Weighing the Galactic disk using phase-space spirals: I. Tests on one-dimensional simulations
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We present a new method for inferring the gravitational potential of the Galactic disk, using the time-varying structure of a phase-space spiral in the (z, w)-plane (where z and w represent vertical position and vertical velocity). Our method of inference extracts information from the shape of the spiral and disregards the bulk density distribution that is usually used to perform dynamical mass measurements. In this manner, it is complementary to traditional methods that are based on the assumption of a steady state. Our method consists of fitting an analytical model for the phase-space spiral to data, where the spiral is seen as a perturbation of the stellar number density in the (z, w)-plane. We tested our method on one-dimensional simulations, which were initiated in a steady state and then perturbed by an external force similar to that of a passing satellite. We were able to retrieve the true gravitational potentials of the simulations with high accuracy. The gravitational potential at 400-500 parsec distances from the disk mid-plane was inferred with an error of only a few percent. This is the first paper of a series in which we plan to test and refine our method on more complex simulations, as well as apply our method to Gaia data.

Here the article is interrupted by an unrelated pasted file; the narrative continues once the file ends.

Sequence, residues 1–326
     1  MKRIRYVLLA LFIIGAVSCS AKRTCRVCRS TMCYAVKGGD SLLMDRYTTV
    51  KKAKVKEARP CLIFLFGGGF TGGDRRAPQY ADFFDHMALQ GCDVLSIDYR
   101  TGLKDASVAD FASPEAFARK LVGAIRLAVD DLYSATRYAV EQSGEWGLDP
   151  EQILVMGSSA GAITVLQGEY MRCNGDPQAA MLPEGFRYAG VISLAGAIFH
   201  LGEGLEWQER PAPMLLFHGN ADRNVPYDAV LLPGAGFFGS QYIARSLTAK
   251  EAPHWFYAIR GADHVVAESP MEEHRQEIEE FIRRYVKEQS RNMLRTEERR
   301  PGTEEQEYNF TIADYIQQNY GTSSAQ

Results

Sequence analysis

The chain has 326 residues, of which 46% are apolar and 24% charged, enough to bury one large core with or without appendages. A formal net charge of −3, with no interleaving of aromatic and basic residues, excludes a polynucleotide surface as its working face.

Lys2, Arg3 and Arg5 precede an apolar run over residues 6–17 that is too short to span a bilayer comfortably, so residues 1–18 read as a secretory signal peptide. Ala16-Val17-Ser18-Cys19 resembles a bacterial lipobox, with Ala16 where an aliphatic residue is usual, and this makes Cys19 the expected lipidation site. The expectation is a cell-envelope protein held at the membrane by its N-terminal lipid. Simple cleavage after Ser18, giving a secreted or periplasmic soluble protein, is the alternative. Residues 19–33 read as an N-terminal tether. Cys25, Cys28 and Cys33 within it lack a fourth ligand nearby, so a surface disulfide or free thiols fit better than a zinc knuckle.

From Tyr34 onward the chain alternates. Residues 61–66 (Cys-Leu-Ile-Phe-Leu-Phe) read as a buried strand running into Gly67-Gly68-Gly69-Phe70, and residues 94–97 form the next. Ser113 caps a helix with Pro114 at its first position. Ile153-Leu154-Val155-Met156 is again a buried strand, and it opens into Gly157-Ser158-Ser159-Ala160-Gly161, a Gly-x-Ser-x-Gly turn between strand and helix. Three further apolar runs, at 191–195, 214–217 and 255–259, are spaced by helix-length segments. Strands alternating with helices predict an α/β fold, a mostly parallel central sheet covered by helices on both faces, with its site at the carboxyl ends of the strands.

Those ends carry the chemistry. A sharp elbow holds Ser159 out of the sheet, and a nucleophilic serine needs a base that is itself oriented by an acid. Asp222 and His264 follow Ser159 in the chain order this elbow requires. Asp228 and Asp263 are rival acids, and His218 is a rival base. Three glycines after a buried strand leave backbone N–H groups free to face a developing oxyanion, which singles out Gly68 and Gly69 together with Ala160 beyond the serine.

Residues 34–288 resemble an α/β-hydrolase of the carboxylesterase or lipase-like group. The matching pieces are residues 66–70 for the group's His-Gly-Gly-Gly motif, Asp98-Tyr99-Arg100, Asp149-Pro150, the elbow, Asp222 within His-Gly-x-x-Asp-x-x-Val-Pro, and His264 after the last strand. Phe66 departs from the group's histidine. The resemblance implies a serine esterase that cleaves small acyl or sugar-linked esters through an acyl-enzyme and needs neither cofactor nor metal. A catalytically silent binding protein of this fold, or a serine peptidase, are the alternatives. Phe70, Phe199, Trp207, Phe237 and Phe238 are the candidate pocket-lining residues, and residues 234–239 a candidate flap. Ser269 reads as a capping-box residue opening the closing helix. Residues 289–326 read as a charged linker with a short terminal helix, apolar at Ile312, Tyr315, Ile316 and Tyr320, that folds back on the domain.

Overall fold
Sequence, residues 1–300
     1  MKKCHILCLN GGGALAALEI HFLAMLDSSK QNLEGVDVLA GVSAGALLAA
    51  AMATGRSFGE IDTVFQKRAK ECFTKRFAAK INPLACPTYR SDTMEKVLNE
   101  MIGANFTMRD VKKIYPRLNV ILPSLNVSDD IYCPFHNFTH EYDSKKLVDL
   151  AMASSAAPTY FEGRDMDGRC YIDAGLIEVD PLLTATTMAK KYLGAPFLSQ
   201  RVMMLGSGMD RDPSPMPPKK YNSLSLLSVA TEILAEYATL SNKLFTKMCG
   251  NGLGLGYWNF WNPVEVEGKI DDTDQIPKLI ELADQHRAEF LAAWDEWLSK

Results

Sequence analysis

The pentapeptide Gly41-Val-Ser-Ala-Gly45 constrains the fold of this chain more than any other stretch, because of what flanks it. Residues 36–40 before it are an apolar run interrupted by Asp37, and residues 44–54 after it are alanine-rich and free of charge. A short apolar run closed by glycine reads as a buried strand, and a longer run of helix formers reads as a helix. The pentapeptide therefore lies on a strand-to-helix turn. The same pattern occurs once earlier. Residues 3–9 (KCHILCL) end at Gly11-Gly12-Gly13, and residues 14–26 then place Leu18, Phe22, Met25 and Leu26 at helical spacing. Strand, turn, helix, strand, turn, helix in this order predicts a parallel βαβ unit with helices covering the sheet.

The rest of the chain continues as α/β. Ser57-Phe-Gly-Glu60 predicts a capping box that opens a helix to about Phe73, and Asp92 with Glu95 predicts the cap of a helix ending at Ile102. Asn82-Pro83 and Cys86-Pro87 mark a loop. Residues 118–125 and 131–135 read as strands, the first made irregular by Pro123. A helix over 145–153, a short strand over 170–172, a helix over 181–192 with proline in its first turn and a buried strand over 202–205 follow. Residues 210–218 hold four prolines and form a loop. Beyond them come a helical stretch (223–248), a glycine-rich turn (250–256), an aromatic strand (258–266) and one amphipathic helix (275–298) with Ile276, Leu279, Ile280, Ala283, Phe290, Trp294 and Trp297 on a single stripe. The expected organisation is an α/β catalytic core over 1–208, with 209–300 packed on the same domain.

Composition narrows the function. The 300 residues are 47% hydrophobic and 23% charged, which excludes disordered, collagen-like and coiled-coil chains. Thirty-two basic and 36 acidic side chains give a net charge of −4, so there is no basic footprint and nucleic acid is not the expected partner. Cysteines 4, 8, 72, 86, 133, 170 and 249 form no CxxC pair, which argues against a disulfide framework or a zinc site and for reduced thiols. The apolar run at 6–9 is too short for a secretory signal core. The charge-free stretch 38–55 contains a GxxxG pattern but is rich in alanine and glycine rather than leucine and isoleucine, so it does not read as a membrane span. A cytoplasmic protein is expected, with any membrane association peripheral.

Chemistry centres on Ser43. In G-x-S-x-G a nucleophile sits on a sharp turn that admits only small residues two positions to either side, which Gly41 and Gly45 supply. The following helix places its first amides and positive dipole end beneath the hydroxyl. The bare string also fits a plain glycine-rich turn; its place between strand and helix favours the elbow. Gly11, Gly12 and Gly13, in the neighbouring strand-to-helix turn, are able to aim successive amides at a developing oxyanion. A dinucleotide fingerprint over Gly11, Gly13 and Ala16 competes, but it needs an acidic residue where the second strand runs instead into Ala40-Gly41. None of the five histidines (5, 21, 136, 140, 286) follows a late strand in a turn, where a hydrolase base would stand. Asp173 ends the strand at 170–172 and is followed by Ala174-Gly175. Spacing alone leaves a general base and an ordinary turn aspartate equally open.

|Journal||Astronomy & Astrophysics|
|Number of pages||16|
|Publication status||Published - 21 Jun 2021|
- Galaxy: kinematics and dynamics, Galaxy: disk, solar neighborhood, astrometry, MILKY-WAY, MASS MODELS, SAGITTARIUS, STARS, HALO, KINEMATICS, DENSITY, WAVES, PLANE, HUNT